Juicing raw vegetables is a quick and easy way to get more vital nutrients into your body. Raw vegetable juice offers many benefits, but shouldn't replace whole vegetables or other healthy foods in your diet.
Raw vegetable juice complements a healthy diet and helps promote a healthy gut and heart.
Benefits of Raw Vegetable Juice
Drinking raw vegetable juice offers a number of general benefits to your overall health. With freshly juiced veggies, you increase your consumption of this essential food group. The Centers for Disease Control and Prevention reported in November 2017 that only one in every 10 adults meets the federal fruit or vegetable guidelines.
Through vegetable juice recipes that include lots of colorful varieties, such as greens, carrots and beets, you improve your intake levels. You should still strive to eat plenty of whole veggies too, as they offer fiber that slows digestion so you stay full longer and help keep your digestive tract moving.
If you often buy a lot of vegetables with the hope of increasing your intake but find they only go bad in your fridge, turn to juicing. Juicing raw vegetables is a great way to use up your extra produce so the nutrients flood your body, rather than the trash.
Read more: Do I Eat While Juicing?
When it comes to nutrients, raw vegetables are full of them. These include antioxidants, vitamins, minerals and phytonutrients. The vast nutrients provided by vegetables help reduce inflammation and improve your immune response.
Consuming more of these plant-based compounds, write researchers in a review published in the European Journal of Nutrition in January 2016, helps reduce complications from cardiovascular disease and reduces your risk of developing high blood pressure, osteoporosis, overweight and obesity, dementia and some cancers.
Although raw vegetable juice complements a complete, healthy diet, the National Center for Complementary and Integrative Health strongly recommends against using raw vegetable juice for a “detox” or “cleanse” program. The programs usually tout consuming juice only and no other food for an extended period of time. No research supports claims that such plans can support long-term health or toxin reduction.
Raw vegetable juice is only as healthy as the produce you put into it, too. Make sure you use ripe vegetables without bruising or signs of mold. The U.S. Food and Drug Administration also advises you to wash your produce thoroughly, even if you plan to peel it, before juicing.
Juicing Boosts Your Gut Microbiome
Your gut contains bacterial cells that make up what's known as your gut microbiome. The quality of these cells directly affects your digestion and good health. Imbalances in your gut microbiota can cause gastrointestinal conditions, including inflammatory bowel disease, and are linked with conditions including obesity and Type 2 diabetes, explains a review published in Integrative Medicine in December 2014.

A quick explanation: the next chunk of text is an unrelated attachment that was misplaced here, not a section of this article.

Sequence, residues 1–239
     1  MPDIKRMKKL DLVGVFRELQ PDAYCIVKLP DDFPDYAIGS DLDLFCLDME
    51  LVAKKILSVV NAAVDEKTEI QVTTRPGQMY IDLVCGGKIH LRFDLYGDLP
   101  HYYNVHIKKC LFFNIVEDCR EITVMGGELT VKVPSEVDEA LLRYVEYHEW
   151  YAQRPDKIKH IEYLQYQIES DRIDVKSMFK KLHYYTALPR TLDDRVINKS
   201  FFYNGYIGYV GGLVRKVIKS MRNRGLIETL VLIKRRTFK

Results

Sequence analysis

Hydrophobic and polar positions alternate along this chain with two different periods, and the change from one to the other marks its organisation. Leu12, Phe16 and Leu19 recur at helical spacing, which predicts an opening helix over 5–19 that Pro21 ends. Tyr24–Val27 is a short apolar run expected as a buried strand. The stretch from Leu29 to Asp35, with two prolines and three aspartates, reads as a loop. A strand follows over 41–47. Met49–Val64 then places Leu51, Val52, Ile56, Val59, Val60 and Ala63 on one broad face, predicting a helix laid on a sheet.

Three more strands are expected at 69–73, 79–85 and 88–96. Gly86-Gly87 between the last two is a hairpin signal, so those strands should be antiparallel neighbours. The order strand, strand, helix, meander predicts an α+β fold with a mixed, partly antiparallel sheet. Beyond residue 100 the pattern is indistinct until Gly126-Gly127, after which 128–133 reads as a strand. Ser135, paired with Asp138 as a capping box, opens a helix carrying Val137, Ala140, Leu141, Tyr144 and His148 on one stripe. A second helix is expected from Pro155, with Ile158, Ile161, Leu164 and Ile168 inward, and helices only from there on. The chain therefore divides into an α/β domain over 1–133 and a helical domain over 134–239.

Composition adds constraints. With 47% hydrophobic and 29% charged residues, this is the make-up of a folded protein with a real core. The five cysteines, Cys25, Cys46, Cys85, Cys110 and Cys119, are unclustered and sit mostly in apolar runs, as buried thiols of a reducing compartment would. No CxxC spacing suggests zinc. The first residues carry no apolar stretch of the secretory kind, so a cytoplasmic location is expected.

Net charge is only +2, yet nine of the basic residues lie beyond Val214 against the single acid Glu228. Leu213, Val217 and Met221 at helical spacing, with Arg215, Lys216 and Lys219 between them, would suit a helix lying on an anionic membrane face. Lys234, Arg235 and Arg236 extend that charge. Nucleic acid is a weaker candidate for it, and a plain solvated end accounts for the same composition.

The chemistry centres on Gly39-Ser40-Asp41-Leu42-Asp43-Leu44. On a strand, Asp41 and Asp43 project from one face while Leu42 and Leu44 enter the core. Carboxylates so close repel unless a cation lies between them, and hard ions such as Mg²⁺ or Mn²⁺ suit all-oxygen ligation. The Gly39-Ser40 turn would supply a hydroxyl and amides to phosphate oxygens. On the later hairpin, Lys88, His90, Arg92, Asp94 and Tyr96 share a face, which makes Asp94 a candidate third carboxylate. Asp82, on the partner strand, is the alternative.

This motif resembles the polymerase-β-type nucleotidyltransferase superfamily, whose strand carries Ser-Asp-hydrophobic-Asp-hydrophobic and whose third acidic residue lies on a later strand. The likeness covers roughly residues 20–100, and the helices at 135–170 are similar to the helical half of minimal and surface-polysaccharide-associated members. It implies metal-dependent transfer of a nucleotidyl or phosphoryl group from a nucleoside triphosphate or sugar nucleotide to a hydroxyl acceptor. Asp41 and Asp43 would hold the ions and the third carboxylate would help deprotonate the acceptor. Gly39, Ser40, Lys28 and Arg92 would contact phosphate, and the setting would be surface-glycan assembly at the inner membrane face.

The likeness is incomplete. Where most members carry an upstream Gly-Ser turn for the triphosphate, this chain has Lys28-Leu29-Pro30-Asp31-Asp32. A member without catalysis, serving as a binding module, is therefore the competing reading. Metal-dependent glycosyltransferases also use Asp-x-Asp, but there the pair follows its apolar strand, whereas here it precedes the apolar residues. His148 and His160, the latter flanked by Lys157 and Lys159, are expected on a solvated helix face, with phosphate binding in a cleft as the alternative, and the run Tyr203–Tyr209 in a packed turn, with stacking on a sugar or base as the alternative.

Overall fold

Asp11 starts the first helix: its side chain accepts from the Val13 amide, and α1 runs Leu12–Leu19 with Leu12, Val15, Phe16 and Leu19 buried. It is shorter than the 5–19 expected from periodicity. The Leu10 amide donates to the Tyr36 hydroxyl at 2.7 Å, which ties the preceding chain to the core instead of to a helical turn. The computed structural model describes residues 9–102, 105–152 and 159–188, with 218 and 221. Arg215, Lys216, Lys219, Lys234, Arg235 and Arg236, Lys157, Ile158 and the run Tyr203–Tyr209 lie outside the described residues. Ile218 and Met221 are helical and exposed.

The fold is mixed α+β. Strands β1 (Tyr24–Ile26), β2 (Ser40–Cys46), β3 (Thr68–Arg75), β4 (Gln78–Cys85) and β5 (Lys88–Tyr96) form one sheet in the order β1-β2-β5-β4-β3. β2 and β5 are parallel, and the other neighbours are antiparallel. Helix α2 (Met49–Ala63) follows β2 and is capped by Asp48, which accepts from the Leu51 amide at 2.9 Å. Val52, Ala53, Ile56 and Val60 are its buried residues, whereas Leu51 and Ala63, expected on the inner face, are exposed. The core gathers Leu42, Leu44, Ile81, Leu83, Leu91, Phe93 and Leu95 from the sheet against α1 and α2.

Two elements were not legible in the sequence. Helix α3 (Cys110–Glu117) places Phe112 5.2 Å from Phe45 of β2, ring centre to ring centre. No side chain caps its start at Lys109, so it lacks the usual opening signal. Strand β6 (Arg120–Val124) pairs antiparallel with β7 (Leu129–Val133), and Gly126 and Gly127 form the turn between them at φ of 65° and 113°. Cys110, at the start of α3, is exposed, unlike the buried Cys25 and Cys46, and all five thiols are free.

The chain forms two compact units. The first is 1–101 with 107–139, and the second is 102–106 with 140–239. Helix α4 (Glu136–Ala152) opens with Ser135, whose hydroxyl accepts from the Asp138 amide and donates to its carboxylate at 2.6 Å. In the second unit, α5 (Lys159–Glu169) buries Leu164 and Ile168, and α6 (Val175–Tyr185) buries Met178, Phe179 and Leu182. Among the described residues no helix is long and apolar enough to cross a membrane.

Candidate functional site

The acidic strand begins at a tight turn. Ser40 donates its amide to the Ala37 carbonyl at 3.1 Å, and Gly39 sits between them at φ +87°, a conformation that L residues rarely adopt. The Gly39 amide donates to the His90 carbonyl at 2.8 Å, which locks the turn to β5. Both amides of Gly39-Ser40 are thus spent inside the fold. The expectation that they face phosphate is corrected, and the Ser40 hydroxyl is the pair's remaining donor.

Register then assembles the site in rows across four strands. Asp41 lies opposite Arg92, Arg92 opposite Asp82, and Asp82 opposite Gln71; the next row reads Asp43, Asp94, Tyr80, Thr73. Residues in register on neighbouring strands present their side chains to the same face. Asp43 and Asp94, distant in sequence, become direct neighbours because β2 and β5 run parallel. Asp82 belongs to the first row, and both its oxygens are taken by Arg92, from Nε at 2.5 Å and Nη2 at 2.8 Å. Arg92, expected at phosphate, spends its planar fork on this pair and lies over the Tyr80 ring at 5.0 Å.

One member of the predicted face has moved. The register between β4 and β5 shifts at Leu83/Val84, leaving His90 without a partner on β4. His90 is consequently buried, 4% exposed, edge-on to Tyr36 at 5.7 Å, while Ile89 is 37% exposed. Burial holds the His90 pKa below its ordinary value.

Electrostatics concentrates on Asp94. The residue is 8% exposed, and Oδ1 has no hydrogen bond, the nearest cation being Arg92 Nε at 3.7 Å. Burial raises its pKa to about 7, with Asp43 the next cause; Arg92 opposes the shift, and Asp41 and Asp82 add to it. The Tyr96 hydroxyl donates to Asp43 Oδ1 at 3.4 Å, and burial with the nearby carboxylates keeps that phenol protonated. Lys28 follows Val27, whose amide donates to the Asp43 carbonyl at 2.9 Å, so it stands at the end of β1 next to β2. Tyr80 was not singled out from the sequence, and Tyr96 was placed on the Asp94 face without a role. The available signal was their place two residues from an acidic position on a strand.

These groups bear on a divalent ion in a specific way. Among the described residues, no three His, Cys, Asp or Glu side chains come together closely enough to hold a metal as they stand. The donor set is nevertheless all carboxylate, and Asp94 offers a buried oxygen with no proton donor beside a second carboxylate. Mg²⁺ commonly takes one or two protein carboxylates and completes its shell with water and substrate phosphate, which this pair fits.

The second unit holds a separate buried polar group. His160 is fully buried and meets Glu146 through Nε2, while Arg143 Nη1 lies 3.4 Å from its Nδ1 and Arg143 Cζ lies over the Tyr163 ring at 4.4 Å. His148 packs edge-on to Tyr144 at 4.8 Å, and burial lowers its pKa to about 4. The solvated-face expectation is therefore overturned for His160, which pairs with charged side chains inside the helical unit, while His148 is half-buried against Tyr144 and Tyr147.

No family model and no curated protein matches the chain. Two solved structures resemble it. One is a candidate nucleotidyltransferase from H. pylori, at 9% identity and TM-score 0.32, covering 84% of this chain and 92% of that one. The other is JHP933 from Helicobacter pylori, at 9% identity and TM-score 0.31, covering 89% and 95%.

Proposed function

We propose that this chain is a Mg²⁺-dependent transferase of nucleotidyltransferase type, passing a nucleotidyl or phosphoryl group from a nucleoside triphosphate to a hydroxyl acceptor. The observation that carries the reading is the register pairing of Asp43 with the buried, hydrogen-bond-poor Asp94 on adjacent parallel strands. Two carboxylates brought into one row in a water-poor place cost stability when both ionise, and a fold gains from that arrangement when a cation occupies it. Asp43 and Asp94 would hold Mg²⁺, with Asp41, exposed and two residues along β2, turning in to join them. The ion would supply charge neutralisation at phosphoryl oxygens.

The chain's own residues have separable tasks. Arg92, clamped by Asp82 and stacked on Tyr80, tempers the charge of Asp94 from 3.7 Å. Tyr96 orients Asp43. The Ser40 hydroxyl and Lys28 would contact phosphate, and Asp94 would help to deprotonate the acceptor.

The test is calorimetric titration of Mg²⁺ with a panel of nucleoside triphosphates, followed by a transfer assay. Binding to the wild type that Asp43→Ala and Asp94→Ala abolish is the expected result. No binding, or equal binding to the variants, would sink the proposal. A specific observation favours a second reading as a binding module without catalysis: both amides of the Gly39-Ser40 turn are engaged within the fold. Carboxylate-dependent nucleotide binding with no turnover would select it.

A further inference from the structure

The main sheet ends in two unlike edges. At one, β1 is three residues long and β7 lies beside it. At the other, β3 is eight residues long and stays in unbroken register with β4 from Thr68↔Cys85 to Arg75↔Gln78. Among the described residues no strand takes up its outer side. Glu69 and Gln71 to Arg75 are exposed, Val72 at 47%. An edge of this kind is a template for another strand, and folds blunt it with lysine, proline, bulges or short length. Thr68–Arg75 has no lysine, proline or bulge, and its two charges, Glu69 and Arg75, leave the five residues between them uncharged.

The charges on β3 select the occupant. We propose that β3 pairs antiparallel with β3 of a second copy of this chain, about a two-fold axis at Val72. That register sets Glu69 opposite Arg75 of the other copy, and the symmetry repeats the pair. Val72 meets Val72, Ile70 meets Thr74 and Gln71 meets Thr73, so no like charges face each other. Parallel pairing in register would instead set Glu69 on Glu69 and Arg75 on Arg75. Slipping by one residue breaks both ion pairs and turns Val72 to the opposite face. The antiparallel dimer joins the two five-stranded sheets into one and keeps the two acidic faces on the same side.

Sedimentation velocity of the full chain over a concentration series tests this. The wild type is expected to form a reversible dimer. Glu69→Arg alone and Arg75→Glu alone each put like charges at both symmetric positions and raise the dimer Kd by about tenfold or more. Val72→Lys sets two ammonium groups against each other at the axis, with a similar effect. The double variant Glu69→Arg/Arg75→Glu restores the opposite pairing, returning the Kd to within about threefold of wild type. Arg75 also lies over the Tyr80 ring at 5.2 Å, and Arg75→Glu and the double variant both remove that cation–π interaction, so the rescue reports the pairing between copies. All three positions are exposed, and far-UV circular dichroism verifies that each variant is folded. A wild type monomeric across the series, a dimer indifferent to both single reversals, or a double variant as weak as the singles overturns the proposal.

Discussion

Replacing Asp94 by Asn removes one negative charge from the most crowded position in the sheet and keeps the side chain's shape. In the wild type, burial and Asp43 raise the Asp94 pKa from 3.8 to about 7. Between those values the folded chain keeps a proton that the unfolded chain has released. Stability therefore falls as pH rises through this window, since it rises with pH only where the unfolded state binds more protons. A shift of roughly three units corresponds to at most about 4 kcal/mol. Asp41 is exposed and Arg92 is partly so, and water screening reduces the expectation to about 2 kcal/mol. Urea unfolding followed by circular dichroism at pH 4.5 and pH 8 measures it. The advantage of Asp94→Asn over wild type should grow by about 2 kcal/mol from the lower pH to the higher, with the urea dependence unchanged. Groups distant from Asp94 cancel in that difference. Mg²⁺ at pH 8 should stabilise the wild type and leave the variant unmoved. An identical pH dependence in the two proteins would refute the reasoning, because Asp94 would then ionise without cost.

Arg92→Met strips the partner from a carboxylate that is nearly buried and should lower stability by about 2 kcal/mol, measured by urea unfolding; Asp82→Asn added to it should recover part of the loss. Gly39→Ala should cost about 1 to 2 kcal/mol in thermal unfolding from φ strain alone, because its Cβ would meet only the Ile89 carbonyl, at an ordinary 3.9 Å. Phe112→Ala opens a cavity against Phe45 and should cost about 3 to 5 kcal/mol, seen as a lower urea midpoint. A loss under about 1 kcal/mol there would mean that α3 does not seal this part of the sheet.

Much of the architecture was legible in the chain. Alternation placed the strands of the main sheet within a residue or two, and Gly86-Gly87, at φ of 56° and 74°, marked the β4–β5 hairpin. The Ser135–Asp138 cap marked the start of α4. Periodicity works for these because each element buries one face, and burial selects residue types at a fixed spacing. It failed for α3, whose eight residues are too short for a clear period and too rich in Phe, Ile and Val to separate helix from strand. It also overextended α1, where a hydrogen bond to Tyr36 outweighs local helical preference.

The benefits of vegetable juice in the morning — or, frankly, any time of day — may be that it boosts the integrity of your gut microbiota. Vegetable juice, explains research published in May 2017 in Scientific Reports, provides polyphenols, nitrates and oligosaccharides, which may have a prebiotic-like effect. Prebiotics are plant fibers that encourage the growth of healthy bacteria in your gut.
In this research, the scientists found that a three-day juice-based diet altered the microbiota in the intestine to make it more amenable to weight loss and fat oxidation. Stabilizing your gut microbiome improves your overall health.
Vegetable Juice for Cardiovascular Health
Eating more vegetables can reduce your risk of cardiovascular disease, as they contain vitamins and essential polyphenols. Research in the International Journal of Molecular Science published in March 2017 shows that drinking vegetable juice can positively affect cardiovascular risk factors.
Vegetable juice recipes that contain a wide variety of produce may be most beneficial, the scientists conclude, because they contain a variety of vitamins, minerals and other nutrients to maximize the cardiovascular benefits.
A paper in Current Pharmaceutical Design published in December 2018 explain a little more about the heart-healthy effects of polyphenols found in vegetables (and their juice) as well as in fruits, legumes, chocolate and some beverages such as coffee and wine. The researchers confirmed that polyphenols have the ability to ameliorate cardiovascular risk factors by helping to lower blood pressure, improve blood vessel function and reduce inflammation.
Some of the best raw vegetables to juice to benefit from polyphenols include spinach, lettuces and carrots, explains research in Nutrients in June 2019.
- U.S. Food and Drug Administration: "Safe Handling of Raw Produce and Fresh-Squeezed Fruit and Vegetable Juices"
- Scientific Reports: "Health Benefit of Vegetable/Fruit Juice-Based Diet: Role of Microbiome"
- International Journal of Molecular Sciences: "Effects and Mechanisms of Fruit and Vegetable Juices on Cardiovascular Diseases"
- National Center for Complementary and Integrative Health: "'Detoxes' and 'Cleanses': What You Need To Know"
- Centers for Disease Control and Prevention: "Only 1 in 10 Adults Get Enough Fruits or Vegetables"
- European Journal of Nutrition: "Increasing Vegetable Intakes: Rationale and Systematic Review of Published Interventions"
- Integrative Medicine: "Part 1: The Human Gut Microbiome in Health and Disease"
- Current Pharmaceutical Design: "Polyphenols: Potential Use in the Prevention and Treatment of Cardiovascular Diseases"
- Nutrients: "Systematic Review on Polyphenol Intake and Health Outcomes: Is There Sufficient Evidence to Define a Health-Promoting Polyphenol-Rich Dietary Pattern?"